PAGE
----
This is it. Even though I’m on record saying that I loathe all Shondaland shows, I can’t stop watching Station 19, a Shondaland show. I thought I was primed to ignore the soapy, melodramatic charms of Shonda Rhimes’ series (Grey’s Anatomy, Scandal, How to Get Away With Murder and the now-canceled The Catch), but there’s something different about this one that keeps me from changing the channel. If you, like me, have actively avoided Shondaland series but you want something new to watch, you need to get on the Station 19 train — or fire truck, as the case may be.
Station 19 premiered in late March as a spin-off of Grey’s Anatomy, connected by Dr. Ben Warren’s transfer to the fire station and the occasional reference to Seattle Grace or the doctors who work there. So far, Season 1 has received lots of critical praise. Variety called the show a “refreshingly gimmick-free character drama about the heightened atmosphere of a fire station, centered on [a] tough woman,” and PopSugar praised Station 19 for giving us heroine Andy Herrera, who is confident and self-assured in her life and in her typically male-dominated profession, to root for.
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The show’s first major selling point is that the stakes are realistic and rooted in plausible situations, akin to a Grey’s Anatomy episode. The circumstances of Station 19 are not so heightened that they strain credulity; the show’s narrative comes from a logical, grounded place. It follows a regular group of firefighters, and sure, they’re all absurdly young and hot and not at all weathered from the demands of the job. That’s a tradeoff I’m willing to make as a viewer if it means that these young, hot firefighters are involved in plots like intense espionage or random murders. I could also do without beloved characters being killed off, which is a thing in Shondaland shows. HTGAWM and Scandal have both had ridiculous plots that jumped the shark so many times that viewers are used to them. This doesn’t seem to be in the cards for Station 19 so far.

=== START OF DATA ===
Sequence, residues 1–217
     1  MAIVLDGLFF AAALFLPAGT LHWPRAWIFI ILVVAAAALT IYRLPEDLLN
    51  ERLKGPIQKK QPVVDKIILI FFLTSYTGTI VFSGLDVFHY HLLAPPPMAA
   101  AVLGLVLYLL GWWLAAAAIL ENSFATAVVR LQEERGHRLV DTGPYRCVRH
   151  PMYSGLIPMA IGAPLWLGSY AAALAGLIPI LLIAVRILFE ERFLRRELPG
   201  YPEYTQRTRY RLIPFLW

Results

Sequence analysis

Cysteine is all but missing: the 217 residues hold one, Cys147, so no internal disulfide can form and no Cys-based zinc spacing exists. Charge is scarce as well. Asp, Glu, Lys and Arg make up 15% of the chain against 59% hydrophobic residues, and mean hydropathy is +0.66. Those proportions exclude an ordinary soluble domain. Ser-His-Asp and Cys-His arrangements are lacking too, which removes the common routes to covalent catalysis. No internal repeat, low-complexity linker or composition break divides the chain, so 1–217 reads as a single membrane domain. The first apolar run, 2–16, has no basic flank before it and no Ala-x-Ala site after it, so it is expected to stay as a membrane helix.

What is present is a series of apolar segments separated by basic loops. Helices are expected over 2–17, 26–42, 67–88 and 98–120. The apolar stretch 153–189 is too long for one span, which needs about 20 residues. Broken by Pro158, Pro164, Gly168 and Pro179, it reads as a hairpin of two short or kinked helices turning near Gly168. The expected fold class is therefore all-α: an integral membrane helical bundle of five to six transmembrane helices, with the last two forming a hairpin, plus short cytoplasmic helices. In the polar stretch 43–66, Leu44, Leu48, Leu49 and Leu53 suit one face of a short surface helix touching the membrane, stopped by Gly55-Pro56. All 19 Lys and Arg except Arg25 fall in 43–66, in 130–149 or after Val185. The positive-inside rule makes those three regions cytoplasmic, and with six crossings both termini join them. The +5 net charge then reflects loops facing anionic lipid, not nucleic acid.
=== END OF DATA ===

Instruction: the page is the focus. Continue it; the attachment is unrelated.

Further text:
Take the show’s second episode, “Invisible to Me,” as an example of the way Station 19 stays rooted in reality. This episode might have the most off-the-rails moment yet, and it’s honestly not even that farfetched. The entire crew heads out to a stretch of highway where a tanker has overturned, injuring the driver. Andy, in charge of the team at this point, notices something is off and tells the team to turn off the lights on the truck. The minute this happens, we see a ring of blue fire around the tanker that traps two of the team members attempting to help the injured driver. Watching Andy and the team figure out how to save their teammates while doing their job effectively is thrilling to watch, and it gets you thinking about the folks who do this work in real life. This is the moment I knew I was hooked on Station 19.
That said, it’s not like I’d been bored stiff up until this point, and there’s more than the thrilling dramatization of firefighters in action to reel viewers in. In the early episodes, Station 19 makes good on its promise to portray Andy as a well-rounded female character. Unlike Meredith Grey in Season 1 of Grey’s Anatomy, Andy has already worked her way to the top. She’s earned the respect of her peers and is dead set on proving she can be a leader (one of Station 19‘s central narratives is about Andy jockeying to assume her father’s role as captain after he steps down to focus on his health). Yes, Andy has various obstacles to overcome professionally, and by no means does she get it right all the time. But it’s refreshing to see a central female character whose character is founded on confidence.
Better still, Andy is surrounded by characters who act as a family unit. It’s easy to get past the fact that they’re all young, hot and distractingly well put together because they’re also friends who are focused on lifting each other up and pushing each other to become the best version of themselves. This certainly isn’t the case with character groups in early episodes of Grey’s Anatomy, Scandal or HTGAWM.
Station 19 feels like it’s taken the best parts of other Shondaland shows — a strong central female character, a very steamy love triangle (between Andy, her co-worker, Jack, and her high school sweetheart, Ryan; it will have you fanning yourself), lots of high-stakes workplace disasters and some perfectly timed alternative rock music — and become something so much better.
There, I admit it. I am officially hooked on Station 19, and I have no plans to get unhooked anytime soon.
Station 19 airs Thursdays at 9/8c on ABC.